At times the physical pain felt was excruciating.  Yet I didn’t let that stop me.  I accepted that the pain was in some way necessary.  With each level of accomplishment completed I would raise the bar a little higher.  Now I have raised the bar yet again.

I have changed the course of my Friday run a bit.  Now the first third of the run is going up a gradual hill.  I wondered if it is more difficult to go up an incline that is stretched out over several blocks than running up a hill that is steeper, but substantially shorter in distance.  The gradual hill at times feels like it is more challenging.  But in each of the courses there is the point where it levels off.  I don’t have to work so hard now.  The body is warmed up, the pores are open and the breath becomes stable and then the run is just pure bliss.  The hard part has been overcome and now the reward is the freedom I feel in this movement and the place it takes me to.

Last night I met with my writer’s group and had an interesting conversation with a gentleman about religion.  We were discussing our writing projects.  He explained that he was, through his writing project, seeking his essence.  He is of the Islamic faith and when he moved to Canada, a host of things presented themselves causing him to question his place in this world, his existence.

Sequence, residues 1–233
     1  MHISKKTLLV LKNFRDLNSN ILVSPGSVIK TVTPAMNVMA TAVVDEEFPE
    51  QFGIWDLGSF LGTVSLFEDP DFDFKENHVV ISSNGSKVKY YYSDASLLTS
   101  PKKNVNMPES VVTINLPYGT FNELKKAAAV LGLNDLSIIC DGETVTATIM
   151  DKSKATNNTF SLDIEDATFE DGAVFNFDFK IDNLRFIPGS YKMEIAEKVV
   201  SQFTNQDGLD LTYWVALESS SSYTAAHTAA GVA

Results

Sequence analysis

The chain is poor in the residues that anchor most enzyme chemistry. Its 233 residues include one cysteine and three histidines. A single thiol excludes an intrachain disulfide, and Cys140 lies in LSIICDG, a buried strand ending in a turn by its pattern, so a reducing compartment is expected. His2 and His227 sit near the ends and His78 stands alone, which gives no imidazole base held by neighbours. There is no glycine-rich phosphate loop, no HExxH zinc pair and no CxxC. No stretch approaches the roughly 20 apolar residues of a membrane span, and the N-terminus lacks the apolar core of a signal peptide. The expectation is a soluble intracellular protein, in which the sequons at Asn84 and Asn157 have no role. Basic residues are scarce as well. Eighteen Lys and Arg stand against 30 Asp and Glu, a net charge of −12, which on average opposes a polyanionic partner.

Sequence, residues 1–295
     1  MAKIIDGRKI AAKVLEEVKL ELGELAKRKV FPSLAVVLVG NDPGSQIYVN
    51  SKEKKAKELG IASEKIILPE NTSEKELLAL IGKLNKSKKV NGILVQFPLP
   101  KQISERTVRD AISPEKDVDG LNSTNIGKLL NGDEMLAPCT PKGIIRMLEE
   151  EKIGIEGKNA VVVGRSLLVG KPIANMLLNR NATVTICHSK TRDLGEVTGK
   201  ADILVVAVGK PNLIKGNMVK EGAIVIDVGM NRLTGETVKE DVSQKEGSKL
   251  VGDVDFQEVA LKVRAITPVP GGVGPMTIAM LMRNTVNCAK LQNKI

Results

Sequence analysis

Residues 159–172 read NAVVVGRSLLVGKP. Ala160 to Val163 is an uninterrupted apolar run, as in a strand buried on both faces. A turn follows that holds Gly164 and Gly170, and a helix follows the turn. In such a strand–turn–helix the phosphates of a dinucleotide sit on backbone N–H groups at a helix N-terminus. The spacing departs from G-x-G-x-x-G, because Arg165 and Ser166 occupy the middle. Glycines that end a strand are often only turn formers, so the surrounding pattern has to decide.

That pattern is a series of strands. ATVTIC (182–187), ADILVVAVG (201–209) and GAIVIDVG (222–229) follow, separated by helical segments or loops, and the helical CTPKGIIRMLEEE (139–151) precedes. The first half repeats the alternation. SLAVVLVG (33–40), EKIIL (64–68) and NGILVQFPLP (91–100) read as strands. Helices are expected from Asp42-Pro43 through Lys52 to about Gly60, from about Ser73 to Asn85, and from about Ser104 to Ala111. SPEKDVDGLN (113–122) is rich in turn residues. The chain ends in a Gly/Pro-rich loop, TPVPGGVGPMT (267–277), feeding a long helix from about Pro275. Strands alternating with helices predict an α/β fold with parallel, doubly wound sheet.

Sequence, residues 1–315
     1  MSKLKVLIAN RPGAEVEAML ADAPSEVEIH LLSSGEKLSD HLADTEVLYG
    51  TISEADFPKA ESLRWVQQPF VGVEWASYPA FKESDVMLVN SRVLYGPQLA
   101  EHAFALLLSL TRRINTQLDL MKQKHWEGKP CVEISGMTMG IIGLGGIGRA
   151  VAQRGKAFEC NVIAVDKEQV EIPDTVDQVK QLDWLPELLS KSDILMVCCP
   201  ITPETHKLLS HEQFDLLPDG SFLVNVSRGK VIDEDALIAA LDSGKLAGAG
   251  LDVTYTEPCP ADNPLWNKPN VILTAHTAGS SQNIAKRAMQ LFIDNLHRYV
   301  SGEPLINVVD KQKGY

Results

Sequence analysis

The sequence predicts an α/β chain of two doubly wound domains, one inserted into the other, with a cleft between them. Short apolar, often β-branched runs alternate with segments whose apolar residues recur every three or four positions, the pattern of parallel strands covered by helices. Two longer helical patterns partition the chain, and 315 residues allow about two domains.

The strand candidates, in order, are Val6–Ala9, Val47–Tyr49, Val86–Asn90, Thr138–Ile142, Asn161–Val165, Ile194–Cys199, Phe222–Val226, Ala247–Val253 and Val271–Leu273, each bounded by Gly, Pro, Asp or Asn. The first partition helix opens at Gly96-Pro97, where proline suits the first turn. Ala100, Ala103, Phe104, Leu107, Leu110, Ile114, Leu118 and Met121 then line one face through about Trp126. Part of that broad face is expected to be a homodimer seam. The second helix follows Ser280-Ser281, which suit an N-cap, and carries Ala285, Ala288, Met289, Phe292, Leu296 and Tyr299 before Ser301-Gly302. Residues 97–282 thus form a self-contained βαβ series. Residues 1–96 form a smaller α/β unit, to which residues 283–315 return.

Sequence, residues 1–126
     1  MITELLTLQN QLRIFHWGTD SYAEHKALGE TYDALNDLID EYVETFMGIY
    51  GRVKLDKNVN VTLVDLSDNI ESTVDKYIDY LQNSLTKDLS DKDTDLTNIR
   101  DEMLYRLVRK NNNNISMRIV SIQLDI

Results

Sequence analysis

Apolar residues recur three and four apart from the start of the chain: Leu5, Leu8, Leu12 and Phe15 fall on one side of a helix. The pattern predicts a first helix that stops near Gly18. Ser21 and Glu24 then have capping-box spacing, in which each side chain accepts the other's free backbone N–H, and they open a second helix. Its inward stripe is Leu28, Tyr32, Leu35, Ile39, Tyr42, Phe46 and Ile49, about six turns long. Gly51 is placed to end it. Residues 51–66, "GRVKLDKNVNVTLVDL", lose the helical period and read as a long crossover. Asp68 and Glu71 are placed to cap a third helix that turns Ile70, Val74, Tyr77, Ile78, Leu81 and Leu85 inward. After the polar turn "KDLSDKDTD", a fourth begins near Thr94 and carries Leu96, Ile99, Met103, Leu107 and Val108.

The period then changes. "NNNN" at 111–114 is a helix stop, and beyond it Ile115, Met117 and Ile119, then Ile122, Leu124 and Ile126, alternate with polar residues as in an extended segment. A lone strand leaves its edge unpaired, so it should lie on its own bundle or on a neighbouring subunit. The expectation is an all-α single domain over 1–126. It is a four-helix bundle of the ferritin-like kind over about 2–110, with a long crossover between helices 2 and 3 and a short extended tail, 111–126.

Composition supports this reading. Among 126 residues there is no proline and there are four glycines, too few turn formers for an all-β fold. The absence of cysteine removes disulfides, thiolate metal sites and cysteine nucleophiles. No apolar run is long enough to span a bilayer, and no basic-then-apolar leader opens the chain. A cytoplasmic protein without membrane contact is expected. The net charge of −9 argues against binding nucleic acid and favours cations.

At one point he stated that I had ‘closed the door on religion’ because I related a few incidents in that I found religion to be confining and judgmental.  Now at no time did he ask me what my beliefs were and I did not ask this of him either.  Yet there was this assumption on his part that I was in essence denying a part of myself because I had turned away from religion.  Curious I thought.  I told him that I looked at all religions and noted their similarities rather than their differences.  He liked this statement. The other curious thing in this conversation that stood out was that he referred to God in the masculine the entire time.  I left this alone as well.  In my mind it is irrelevant.

As I was driving home last night it occurred to me as well that he did not ask me if I believed in God or not.  So it was an interesting conversation where subtle assumptions were made.  I enjoy conversations of this nature as I can also reflect on my points.  What I was trying to relay to him was that truth is in fact very subjective.  We do have absolute truths as I have discussed before but if there is one thing I love, it is engaging others opinions regarding this.  It is our humanness that is so unique to each of us that I delight in sharing.

And as I ran through the morning I gazed at the point where the parallel lines of the sidewalk seemed to meet.  It occurred to me that while my eyes tell me they are in fact joined at a certain point, I know this to be untrue.  I know this is just perception and that the lines will in fact never meet.  Yet the eyes see a different reality.

How we interpret information may vary and what we take from it can direct how we live our lives.  At some point though, I think we will all find that absolute truth that we seek, that is our essence.  Perhaps that is the just the simple of joy of being human.  Embracing the journey we have been set upon that will ultimately lead each of us to where it is we need to be.

Happy Friday everyone!

This Thing Called Fear


Getting over my fears has been one of the biggest hurdles of my life.  I was born in fear.  It is likely one of the first emotions instilled in me.  What fear does is restrict and confine.  It kills creativity and silences debate and free thought.